Health symposium returns to Aspen | AspenTimes.com

Health symposium returns to Aspen

Janet Urquhart

California veterinarian Gregory Olgivie will discuss cancer research in dogs and cats during the July 25 Summer Health Symposium in Aspen.

What’s in your water?

The answer might be surprising, according to Dr. Mark Liponis, one of six experts who will discuss everything from the toxins that surround us to the latest developments in the prevention and treatment of heart disease and cancer during the fifth annual Summer Health Symposium on July 25 at Aspen’s Paepcke Auditorium.

Sponsored by the Aspen Center for Integrative Health, the symposium program suggests a gloomy prognosis ” topics include “Famous Last Words: ‘My Cholesterol is Great’ ” or “Lurking Menaces: Everyday Toxins That Undermine Your Health” ” but the panel of speakers have some good news to offer, according to organizer Bill Johnson.

“We try to focus on the latest research and information ” how to protect yourself, how to maintain yourself,” said Johnson, chairman of the symposium and co-founder of the Aspen Center for Integrative Health.

“What we want to do is provide the practical information ” what people can do on Monday morning to improve their health,” he said.

Liponis, corporate medical director at Canyon Ranch Health Resorts in Massachusetts, concedes his “Lurking Menace” talk sounds less than uplifting, but it will be eye-opening.

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With some 80,000 chemicals in regular industrial and consumer use, only a fraction of which have been tested for acute exposure, little is known about the effects of using the products over a typical individual’s lifetime.

“It really leaves us with an incredible lack of knowledge about the chemicals we’ve been using every day,” he said.

That doesn’t mean there’s little that people can do, Liponis stressed.

“Filter your water ” that’s a simple one,” he said. In advance of his presentation, Liponis said he’s had Aspen’s municipal water tested. He’s keeping mum about the results until the symposium, but said: “I think people will find it interesting.”

Liponis will touch on everything from what’s in our environment to our food.

“There’s definitely a lot you can do,” he said. “If you know the top ten things that you should buy organic, you don’t have to buy all organic.” (Topping the list is the produce that is most heavily sprayed with pesticides.)

The proverbial canary in the mine, when it comes to one’s household environment, maybe the household pets, according to Dr. Gregory Olgivie, director/owner of California Veterinarian Specialists. His talk ” “Has Your Health Gone to the Dogs?” ” will focus on cancer studies in dogs and cats that have led to discoveries that can help prevent or treat cancer in humans.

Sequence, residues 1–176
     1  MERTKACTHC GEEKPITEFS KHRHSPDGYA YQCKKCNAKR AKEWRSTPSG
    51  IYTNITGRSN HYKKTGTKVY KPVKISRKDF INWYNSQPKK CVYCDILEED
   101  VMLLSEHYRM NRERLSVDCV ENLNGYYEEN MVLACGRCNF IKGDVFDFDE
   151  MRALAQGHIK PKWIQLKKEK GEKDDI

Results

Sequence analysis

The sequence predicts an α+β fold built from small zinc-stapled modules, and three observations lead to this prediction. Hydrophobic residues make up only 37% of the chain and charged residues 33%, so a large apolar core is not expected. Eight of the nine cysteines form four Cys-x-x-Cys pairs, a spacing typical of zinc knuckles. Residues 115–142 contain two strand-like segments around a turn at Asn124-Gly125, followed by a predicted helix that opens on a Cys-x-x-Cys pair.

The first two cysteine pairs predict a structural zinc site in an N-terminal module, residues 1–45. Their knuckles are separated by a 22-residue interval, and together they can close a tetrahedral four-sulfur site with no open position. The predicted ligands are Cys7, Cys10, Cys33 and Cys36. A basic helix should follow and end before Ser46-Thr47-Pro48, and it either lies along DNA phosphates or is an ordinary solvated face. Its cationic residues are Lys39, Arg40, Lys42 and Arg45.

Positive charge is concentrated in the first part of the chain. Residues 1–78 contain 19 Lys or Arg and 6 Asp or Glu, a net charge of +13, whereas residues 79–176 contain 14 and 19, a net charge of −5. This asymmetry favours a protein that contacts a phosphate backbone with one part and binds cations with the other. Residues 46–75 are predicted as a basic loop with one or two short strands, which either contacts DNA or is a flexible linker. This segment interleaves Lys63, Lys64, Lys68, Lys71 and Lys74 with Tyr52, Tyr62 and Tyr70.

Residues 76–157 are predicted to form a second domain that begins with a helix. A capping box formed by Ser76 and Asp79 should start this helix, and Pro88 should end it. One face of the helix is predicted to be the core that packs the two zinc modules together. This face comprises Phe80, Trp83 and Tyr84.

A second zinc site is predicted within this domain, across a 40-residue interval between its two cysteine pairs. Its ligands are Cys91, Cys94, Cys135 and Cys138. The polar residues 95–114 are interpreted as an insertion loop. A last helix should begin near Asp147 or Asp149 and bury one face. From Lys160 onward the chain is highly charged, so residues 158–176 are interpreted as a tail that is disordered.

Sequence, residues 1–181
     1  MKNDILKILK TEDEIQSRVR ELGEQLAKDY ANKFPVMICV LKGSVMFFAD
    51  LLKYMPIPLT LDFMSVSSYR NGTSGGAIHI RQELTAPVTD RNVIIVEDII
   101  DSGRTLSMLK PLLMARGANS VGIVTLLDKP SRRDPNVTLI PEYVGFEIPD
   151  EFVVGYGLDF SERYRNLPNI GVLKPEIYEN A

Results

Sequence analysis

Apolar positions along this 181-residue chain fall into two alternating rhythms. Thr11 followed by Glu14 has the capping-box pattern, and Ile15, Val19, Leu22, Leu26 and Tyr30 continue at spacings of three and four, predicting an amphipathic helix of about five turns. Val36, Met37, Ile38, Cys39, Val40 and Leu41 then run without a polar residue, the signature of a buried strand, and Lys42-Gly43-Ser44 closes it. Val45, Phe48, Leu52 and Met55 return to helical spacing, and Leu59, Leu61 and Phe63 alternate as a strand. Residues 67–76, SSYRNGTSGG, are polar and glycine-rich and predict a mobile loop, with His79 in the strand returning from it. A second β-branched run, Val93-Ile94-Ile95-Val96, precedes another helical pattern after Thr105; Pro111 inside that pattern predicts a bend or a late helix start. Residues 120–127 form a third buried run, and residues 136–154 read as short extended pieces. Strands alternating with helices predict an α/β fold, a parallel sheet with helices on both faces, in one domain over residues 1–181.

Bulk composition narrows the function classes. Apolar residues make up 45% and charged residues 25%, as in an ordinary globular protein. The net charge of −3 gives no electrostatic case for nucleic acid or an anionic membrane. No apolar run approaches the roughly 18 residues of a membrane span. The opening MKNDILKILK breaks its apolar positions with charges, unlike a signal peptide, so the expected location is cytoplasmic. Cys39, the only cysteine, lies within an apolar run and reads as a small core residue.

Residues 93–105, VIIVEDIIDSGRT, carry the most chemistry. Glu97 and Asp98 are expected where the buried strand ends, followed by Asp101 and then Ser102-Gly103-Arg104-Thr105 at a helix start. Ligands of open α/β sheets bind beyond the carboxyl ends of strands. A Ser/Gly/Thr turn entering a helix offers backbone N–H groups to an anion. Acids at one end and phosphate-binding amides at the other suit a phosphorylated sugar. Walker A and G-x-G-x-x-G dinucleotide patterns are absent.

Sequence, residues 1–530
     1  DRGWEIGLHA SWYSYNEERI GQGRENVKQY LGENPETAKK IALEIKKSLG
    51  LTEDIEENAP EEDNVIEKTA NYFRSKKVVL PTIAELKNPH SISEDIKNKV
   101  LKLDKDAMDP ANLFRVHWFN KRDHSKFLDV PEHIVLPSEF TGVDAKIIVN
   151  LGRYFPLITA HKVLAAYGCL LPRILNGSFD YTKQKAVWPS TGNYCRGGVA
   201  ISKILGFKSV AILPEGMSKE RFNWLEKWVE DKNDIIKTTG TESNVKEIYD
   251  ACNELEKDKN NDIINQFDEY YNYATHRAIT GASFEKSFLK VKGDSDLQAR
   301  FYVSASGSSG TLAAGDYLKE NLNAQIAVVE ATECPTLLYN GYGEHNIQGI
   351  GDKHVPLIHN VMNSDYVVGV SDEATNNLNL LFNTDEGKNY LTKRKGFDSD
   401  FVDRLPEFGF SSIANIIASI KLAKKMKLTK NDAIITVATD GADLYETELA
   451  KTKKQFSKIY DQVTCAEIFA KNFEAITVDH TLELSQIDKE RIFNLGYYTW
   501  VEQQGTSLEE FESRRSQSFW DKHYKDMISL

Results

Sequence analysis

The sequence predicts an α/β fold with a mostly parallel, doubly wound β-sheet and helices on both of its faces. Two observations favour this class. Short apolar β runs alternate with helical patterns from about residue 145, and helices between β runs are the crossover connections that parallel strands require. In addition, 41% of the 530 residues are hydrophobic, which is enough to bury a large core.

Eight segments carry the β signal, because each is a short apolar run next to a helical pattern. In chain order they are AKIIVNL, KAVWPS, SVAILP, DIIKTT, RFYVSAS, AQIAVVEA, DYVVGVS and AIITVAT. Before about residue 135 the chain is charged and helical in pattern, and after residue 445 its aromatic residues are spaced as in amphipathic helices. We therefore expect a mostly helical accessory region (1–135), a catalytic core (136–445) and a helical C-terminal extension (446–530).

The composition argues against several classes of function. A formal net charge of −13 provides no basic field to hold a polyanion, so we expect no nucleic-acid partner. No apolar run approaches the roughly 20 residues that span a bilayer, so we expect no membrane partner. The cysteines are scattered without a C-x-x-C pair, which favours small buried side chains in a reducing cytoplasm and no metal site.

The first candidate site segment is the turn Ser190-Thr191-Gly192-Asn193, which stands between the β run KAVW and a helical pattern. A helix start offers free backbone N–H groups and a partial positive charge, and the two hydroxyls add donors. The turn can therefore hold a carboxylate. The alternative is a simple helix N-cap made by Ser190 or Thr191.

“Dogs and cats have the same types of cancer that people do,” he said. “The relative risk of cancer in dogs and cats is actually higher than in people.”

Treatment of dogs and cats has led to discoveries that can reduce cancer risk, enhance mental activity and delay cognitive decline, among other advances, according to Olgivie.

Scottish terriers, for example, see a high incidence of bladder cancer, but consumption of green leafy vegetables appears to lower the risk, he said.

Also on the symposium roster is Dr. Jeffrey Bland, president and chief science officer at Metagenics, Inc. His topic, “Triple Threat and the Silver Bullet,” will address the common denominator between arthritis, diabetes and heart disease and how to protect oneself from all three.

Dr. David Leonardi, founder/president of the Leonardi Executive Health Institute in Greenwood Village, Colo., will offer “Famous Last Words: ‘My Cholesterol is Great’ ” ” explaining why cholesterol is a weak indicator of one’s risk of heart disease.

“He’ll talk about the fact that overall cholesterol doesn’t tell you a lot about your overall health,” Johnson said.

Dr. Kenneth Ouriel, professor and chairman of the Division of Surgery at the Cleveland Clinic, will discuss “Already at Risk? How to Handle Existing Vascular Conditions” ” what to do about existing plaque build-up in one’s arteries and prevent the situation from getting worse.

The symposium’s Patron Lunch speaker, Dr. Herbert Lyerly, director of the Duke Comprehensive Cancer Center, will discuss new tests to diagnose cancer and tailored treatments with minimal side effects.

Johnson expects the symposium to sell out, as it has in the past. The fee, $119 before July 20 and $120 after July 20, includes the speaker slides and a workbook on the presentations. The $500 patron ticket includes the lunch and other perks. See aspennewmed.org for details or to register.

Janet Urquhart’s e-mail address is janet@aspentimes.com

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